This past Memorial Day, I was settling in at my computer for a morning of poetry editing, chapbook arranging, cover collaging, when the unthinkable happened. I tipped a full cup of coffee onto my six-year-old laptop. I heard the dreaded sizzle of electronics that had clearly, immediately given up the ghost. I screamed as if I’d sliced a leg off, and my Beloved ran upstairs, but it was already too late. I Googled emergency actions on my phone, texted a couple of tech heads, but it was all for naught.
I went to Staples that afternoon to buy a replacement laptop, since I’m still working from home for a few more weeks, and picked up a decent one at a reasonable price. The lads were even able to transfer my files, and handed me the hard drive after pitching the skeletal remains of my dear departed into a nearby bin. There was an ongoing screw-up with my MS Office subscription, but eventually, that was straightened out, too. All in all, only three or four sleepless nights.
But for a moment, when my old laptop wouldn’t revive even after drying out in pyramid position for the recommended twenty-four hours, I saw a whole body of work flash before my eyes. I am decent at backing up files, but not religious. I had newer poems that only existed on that drive, revisions that would never be reproduced. I used to brag about always putting first drafts on paper, long yellow legal pads that had to be transcribed to type in very short order, or the handwriting would implode and I’d get no legible words from it. Granted, letting illegible words rule a poem has yielded some fascinating results at times. However, for a day or two, I lived with the very real possibility that a good chunk of my efforts would be lost forever.
At some moments I wonder if that would be a bad thing at all. I have lately wondered about what kind of legacy I’ll be leaving. Other times, I wonder if any of it would really matter, in a world where, with all our “book learnin’” the world can still be brought to a standstill by a simple disease, aided by the willful ignorance, a byproduct of terror, that let to the social chaos afterward. What would my poems matter when so many are starving, dying of diseases we can cure but without insurance, religions, and races still dividing humankind for the most absurd reasons. I think poetry is a powerful art, but only for those who open their ears. Those ears seem fewer and fewer every day, even in my lifetime.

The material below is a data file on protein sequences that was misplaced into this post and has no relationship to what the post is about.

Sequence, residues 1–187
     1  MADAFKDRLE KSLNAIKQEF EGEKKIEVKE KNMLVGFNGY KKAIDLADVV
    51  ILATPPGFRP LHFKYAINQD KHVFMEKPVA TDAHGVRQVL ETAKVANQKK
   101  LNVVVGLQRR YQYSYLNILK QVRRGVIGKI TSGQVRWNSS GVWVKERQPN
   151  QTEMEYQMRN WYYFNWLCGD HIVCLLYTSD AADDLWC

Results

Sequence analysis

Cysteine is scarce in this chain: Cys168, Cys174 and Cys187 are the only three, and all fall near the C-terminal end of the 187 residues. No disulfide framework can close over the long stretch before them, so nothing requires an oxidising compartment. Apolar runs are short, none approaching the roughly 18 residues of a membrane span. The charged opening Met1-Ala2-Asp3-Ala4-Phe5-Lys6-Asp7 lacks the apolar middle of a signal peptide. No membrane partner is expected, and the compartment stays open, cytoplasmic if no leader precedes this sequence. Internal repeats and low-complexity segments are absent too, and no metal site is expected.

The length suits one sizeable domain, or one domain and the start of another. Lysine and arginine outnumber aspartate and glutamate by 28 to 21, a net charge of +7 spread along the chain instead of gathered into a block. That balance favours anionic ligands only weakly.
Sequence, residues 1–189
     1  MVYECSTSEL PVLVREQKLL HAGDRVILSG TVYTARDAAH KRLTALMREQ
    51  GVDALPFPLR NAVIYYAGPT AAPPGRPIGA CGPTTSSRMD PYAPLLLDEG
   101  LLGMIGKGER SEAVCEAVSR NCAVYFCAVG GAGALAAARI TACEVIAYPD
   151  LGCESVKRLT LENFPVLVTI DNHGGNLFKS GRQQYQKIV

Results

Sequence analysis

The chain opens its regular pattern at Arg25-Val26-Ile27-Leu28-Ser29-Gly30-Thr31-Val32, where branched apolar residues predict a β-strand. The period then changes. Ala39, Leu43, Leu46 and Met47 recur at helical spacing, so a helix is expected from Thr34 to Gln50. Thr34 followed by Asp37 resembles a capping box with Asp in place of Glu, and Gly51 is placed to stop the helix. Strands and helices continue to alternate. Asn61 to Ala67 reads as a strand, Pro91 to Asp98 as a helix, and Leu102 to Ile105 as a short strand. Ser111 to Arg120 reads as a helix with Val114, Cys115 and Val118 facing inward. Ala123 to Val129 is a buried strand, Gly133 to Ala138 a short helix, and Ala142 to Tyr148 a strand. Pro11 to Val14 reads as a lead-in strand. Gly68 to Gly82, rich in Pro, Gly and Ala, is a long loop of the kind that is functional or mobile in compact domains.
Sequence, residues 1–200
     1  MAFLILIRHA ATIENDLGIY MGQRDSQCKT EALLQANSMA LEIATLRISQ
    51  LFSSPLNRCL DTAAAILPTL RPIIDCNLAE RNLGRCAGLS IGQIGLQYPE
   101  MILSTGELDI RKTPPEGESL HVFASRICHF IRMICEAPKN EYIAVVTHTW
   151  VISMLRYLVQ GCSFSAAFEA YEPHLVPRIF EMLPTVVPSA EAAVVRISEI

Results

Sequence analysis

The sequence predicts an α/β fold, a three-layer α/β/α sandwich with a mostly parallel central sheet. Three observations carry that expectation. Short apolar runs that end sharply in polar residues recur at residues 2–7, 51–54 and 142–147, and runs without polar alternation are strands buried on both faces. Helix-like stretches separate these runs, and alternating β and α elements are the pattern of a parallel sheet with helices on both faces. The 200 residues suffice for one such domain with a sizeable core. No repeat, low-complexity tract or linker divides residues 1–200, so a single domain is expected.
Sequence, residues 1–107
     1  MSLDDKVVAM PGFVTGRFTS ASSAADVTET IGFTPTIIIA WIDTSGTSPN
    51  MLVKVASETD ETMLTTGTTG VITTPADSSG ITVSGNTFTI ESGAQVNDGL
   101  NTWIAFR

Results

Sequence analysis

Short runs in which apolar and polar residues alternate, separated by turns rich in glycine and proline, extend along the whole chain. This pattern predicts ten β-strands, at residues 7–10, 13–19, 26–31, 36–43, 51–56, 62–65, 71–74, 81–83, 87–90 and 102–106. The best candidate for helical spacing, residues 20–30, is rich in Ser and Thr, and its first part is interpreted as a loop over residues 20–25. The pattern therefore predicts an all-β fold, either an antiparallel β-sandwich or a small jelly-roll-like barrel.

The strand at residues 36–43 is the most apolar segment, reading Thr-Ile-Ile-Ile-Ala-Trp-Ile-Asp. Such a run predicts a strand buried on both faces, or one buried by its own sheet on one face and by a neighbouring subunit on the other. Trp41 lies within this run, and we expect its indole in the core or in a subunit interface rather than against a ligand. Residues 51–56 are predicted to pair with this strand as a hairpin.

We have entered an age where even some English teachers are afraid of the subject, having been raised themselves in a time when poetry was allowed to slide to the bottom of the cultural hierarchy. It’s an esoteric endeavor, at best tolerated by our closest friends and lovers, shunned unless accompanied by music, or dismissed altogether as a self-indulgent exercise in verbal masturbation. I make an effort to avoid abstractions, to write about my own experiences, and my poems have been well received by my small circle, whether out of love for me or actual pleasure. Still, there are times I wish I could clear the desk, abandon all projects in progress, sink myself deeply into collage. The poems themselves, despite my best efforts, have begun to sink into abstraction, drawing from the deep well of senility that begins to fill the space between my ears. I allow it, delight to write this way, polish the sounds and the rhythms instead of agonizing about meaning and message.
The work in progress was saved. My therapist laughed when I suggested I might give up poetry altogether and live in the creations of others. She is right of course. I am a poet, for better or worse. I will finish the chapbook I started, just in time for a local arts fair in July. I will find a home for my poems about the Ziegfeld Follies, perhaps the least accessible work I’ve come up with so far. And there are all these poems I’ve shoved in a folder to my left, scribed in the wee hours before my workday begins. Their lives began on paper, and have yet to be introduced to a suit of Times New Roman. I am not yet done, much as technology tries to cut out my tongue. I don’t need a tongue now. I’ve got pens, paper, a need to write.